In the fifth century, Patrick brought Christianity to Ireland and with it Roman law whose patriarchal orientation was in conflict with the matriarchal orientation of Irish aboriginal society. The change to Roman law and to patriarchy was not immediate. Anne Chambers, in her biography Ireland’s Pirate Queen: The True Story of Grace O’Malley, writes:
“Gradually but insidiously the role of women was confined to childbearing, engaging in charitable deeds, for which they were occasionally lauded in the Irish annals, and being subservient to their husbands.”
As Ireland began to embrace Christianity some 1,600 years ago, the Irish retained many of their aboriginal pagan customs, many of which dealt with marriage. In the early Christian era, the Irish recognized ten different kinds of marriage. In Gaelic-Irish law (Brehon law) all of these forms of marriage were formal contracts which varied with regard to the status of the persons involved and in the contribution both parties brought into the marriage. Irish women continued to be full partners with their men, both at home and at war. Under Brehon law, women were equal to men when it came to matters of property.
The early Irish Catholicism was very different from that of the Roman Catholic Church at this time. Irish Catholics continued many of their pagan ways, including the fact that a chieftain’s coronation was not done in a church, but at the traditional pagan rath. With regard to marriage, many of the clergy, including bishops and abbots, were married. According to Anne Chambers:
“A form of Celtic trial marriage prevailed. Trial marriages were commonplace and divorce was long established as a legal right.”
Polygyny—the marriage of a man to more than one woman at the same time—was recognized in pre-Norman Ireland. The strongest marital ties under brehon law were with the first wife (cétmuinter). While pressures from the church reduced polygyny this did not result in the monogamous lifelong marital pattern advocated by the church. Divorce was readily available and thus consecutive marriage was a prominent feature of Irish society. Divorce could be initiated by either partner.
Within the family, women were considered to be subordinate to the male head of household (father, uncle, or brother). This diminished the woman’s personal choice in deciding who to marry. Among the nobility, marriage was often accompanied by a political settlement (an alliance, submission, pacification of an enemy) and the woman had little say in the matter.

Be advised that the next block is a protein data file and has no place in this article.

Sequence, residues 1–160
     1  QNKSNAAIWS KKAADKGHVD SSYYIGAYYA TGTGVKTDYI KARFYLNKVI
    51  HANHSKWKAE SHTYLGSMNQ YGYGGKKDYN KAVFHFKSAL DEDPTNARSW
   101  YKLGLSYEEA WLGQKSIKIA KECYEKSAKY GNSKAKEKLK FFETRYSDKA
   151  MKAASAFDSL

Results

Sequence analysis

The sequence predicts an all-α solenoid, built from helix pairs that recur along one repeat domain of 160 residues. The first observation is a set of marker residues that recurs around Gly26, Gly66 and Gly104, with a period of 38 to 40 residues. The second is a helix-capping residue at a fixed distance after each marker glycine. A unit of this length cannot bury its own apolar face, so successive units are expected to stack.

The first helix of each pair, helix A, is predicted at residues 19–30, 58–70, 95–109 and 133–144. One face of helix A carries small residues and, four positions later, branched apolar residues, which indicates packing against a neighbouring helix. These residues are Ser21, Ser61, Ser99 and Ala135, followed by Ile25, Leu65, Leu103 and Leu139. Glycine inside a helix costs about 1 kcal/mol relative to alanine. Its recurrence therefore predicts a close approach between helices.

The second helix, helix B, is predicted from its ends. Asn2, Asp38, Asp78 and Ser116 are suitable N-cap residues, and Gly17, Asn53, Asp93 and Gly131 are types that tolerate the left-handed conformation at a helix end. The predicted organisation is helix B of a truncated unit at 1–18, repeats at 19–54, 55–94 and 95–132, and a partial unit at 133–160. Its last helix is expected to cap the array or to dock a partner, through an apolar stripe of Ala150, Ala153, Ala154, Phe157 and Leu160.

Irish women were able to gain influence through the acquisition of wealth. In a divorce, the woman would withdraw what she had brought into the marriage as well as a percentage of the profits which had been generated during the marriage. In forming a marriage, economic factors were important. The bride would bring with her goods in the form of land or moveable wealth, such as cattle. The bride in Gaelic-Irish custom would receive a gift in return for the marriage.
One example of an upper class marriage can be seen in the marriage of Granuaile (Grace) O’Malley to Dónal O’Flaherty, which joined two strong clans. She brought with her a substantial dowry in the form of cattle, horses, sheep, and household goods. Upon the death of her husband or upon divorce, the dowry would be returned to her. Anne Chambers writes:
“Since divorce was prevalent among the Gaelic aristocracy, marriage contracts made provisions for the eventuality.”
Grace O’Malley’s second marriage was a trial marriage in which either partner could leave the marriage during the first year. According to some of the legends, at the end of the first year, she locked her husband out of the castle, and then shouted the words of divorce from the ramparts: “Richard Bourke, I dismiss you.” With this she acquired a castle and got rid of a husband.
Within the household, a husband had the legal right to strike his wife as a means of correcting her, but if the blow were to leave a mark, then she would be entitled to the equivalent of her dowry in compensation and she could, if she wished, divorce him.
In Gaelic-Irish customary law, the bride had certain rights to contract making and responsibilities within the marriage. She retained the ties to her family which meant that she had a certain degree of independence.
In the situation where a woman would be the sole heir of the family, she was usually encouraged to marry within the kin group in order to preserve the estate. This practice was, of course, opposed by the church as it was often in violation to their teachings regarding marriage within certain degrees of affinity and consanguinity.
In summary, even after Christianity had become dominant in Ireland, marriage tended to follow the pagan customs of Brehon law rather than conforming to Roman Catholic law. While under Christianity women were destined to lose status and power, during the first few centuries of Christianity in Ireland, Irish women retained much of their power over property.